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  Genetic predisposition for Breast and Ovarian Cancer

General Information

In Greece, 1 in 12 women will develop breast cancer and 1 in 70 ovarian cancer during her lifetime. It has been evident for many years that some families tend to have high frequencies of breast cancer.

If a woman belongs to a family that other members have been affected by these diseases, she is at very high risk for breast and ovarian cancer.

In these families, an individual is born with a mutation in a gene that predisposes to breast and ovarian cancer. The two most important genes are BRCA1 and BRCA2. Mutations in these two genes are thought to cause inherited breast cancer.

A BRCA1 or BRCA2 mutation can be inherited from either parent. When a parent has a mutation, there is a 50% chance of passing on the mutation to each of his or her children. Analysis of individuals with a family history of breast or ovarian cancer has revealed a plethora of mutations in the BRCA1 gene to date and more are being added.

Individuals who carry BRCA1 mutations have an 87% risk of developing breast cancer by age 70, compared to a risk of approximately 10% for non-carriers. BRCA1 mutations predispose a woman to a 44% risk of developing ovarian cancer by age 70, whereas non-carriers have a risk of about 1%.
Individuals with BRCA2 mutations have a similar breast cancer risk to BRCA1 mutation carriers and also are at increased risk for ovarian cancer, although this later risk is not as high as in BRCA1 carriers.
Women with a mutation who already have breast cancer may have up to a 65% risk of developing a second breast cancer.

Men who have a BRCA1 mutation do not seem to have an elevated risk for breast cancer, while men with a BRCA2 mutation seem to have a slightly increased risk (about 5-10%). The risks for prostate cancer in men and colon cancer in both men and women with a BRCA1 or BRCA2 mutation are also slightly increased.

Genetic Analysis of BRCA1/2

Scientists are now able to look for mutations in the BRCA1 and BRCA2 genes with a genetic test. This test analyses the mutations that might exist in BRCA1/2, and helps to determine if an individual has an inherited predisposition for breast or ovarian cancer. If a mutation is found, other family members might have inherited the same mutation and therefore have a high risk for cancer.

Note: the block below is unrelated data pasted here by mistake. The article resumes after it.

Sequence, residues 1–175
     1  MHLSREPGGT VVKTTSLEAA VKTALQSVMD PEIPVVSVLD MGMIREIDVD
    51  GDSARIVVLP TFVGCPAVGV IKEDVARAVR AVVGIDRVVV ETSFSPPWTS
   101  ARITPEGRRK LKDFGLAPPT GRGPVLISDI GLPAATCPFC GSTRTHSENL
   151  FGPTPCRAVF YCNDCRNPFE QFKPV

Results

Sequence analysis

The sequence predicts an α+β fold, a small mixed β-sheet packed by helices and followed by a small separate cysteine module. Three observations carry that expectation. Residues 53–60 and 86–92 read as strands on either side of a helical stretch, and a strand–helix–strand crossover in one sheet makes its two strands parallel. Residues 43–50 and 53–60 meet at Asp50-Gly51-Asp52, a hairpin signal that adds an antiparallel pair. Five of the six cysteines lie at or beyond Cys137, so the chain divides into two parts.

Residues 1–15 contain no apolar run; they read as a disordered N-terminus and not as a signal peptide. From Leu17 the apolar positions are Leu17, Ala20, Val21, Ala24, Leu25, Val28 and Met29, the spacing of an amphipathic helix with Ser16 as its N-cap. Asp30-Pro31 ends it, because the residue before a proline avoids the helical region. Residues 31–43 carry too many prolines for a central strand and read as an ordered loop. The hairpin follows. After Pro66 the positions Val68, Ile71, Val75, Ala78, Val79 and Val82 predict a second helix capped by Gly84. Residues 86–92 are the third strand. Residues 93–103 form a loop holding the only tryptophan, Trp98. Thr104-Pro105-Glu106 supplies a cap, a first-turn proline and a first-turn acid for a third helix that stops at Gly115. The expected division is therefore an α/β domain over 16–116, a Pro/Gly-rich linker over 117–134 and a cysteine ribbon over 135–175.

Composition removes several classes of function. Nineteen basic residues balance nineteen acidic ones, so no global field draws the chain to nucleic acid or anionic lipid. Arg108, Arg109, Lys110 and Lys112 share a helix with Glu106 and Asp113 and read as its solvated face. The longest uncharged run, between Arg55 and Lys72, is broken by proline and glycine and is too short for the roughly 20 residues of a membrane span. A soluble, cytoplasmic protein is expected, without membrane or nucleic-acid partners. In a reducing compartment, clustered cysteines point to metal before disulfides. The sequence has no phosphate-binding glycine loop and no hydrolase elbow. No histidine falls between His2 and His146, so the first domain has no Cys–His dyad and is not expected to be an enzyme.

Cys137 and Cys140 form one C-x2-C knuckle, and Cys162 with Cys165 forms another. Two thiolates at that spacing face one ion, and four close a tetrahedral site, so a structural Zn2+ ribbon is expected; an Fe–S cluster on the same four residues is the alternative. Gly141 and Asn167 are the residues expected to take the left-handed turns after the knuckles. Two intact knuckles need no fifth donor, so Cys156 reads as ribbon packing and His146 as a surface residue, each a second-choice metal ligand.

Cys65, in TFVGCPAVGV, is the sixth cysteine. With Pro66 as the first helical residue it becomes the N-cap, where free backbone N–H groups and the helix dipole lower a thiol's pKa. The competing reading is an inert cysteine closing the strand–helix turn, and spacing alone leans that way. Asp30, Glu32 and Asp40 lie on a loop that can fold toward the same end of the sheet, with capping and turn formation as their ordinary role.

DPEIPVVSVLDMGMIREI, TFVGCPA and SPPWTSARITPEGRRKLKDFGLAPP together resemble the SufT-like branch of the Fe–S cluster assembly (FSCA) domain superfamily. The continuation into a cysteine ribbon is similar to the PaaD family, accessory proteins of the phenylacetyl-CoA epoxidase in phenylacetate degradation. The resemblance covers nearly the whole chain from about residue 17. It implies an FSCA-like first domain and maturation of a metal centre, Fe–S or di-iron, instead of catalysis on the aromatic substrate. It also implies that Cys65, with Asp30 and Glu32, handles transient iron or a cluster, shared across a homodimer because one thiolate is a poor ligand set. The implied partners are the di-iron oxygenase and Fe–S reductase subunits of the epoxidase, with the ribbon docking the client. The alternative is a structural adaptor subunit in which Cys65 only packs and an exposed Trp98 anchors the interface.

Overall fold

Identification of those who are at high risk for developing breast or ovarian cancer would gives us the opportunity to adapt the clinical management in order to facilitate early detection of cancer or optimal treatment for those already diagnosed with the disease.

The decision to have the genetic test

Genetic testing is a complex issue, and therefore it should be ensured that only those individuals for whom the results can be meaningful will be tested. Before you take the decision for getting the genetic test, it is essential that you discuss with your doctor or a genetic counselor about the steps you can take to try to prevent cancer from occurring or increase the chance that if cancer does develop, it will be detected early, when treatment is more effective.

The significance of knowing the result

If you have a relative with a known mutation, but you did not inherit the mutation, you are not at increased risk for cancer. It does not mean that you can never develop cancer, of course, but your risk would be the same as that of anyone else in the general population. If a mutation in BRCA1/2 is found, then the woman is in high risk for breast and ovarian cancer.
Also, other family members might have it. By knowing the result, the woman has the options to modify her lifestyle with the aim or reducing the chances of getting cancer. Also, the medical management of a woman with a known mutation in BRCA1/2 changes. The woman, in collaboration with her doctor, has the option to choose the diagnostic and therapeutic methods that are more suitable for her case. The aim is to facilitate early detection of cancer, offer optimal treatment for those already affected by the disease, or even reduce the risk of getting the disease.

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Related Links
·  Genetic Testing Update
·  Cancer Gene Anatomy Project: an interdisciplinary program to establish the information and technological tools needed to decipher the molecular anatomy of a cancer cell
·  What is the Human Genome Project? What's a genome? And why is it important?
To understand more about the science behind the Human Genome Project read The Science Behind the Human Genome Project: Understanding the Basics.
·  Genetic Odyssey: An Exploration of Genetic Topics
·  Understanding Gene Testing: a very good site explaining everything about genetic testing
·  Cancer Gene Anatomy Project: an interdisciplinary program to establish the information and technological tools needed to decipher the molecular anatomy of a cancer cell.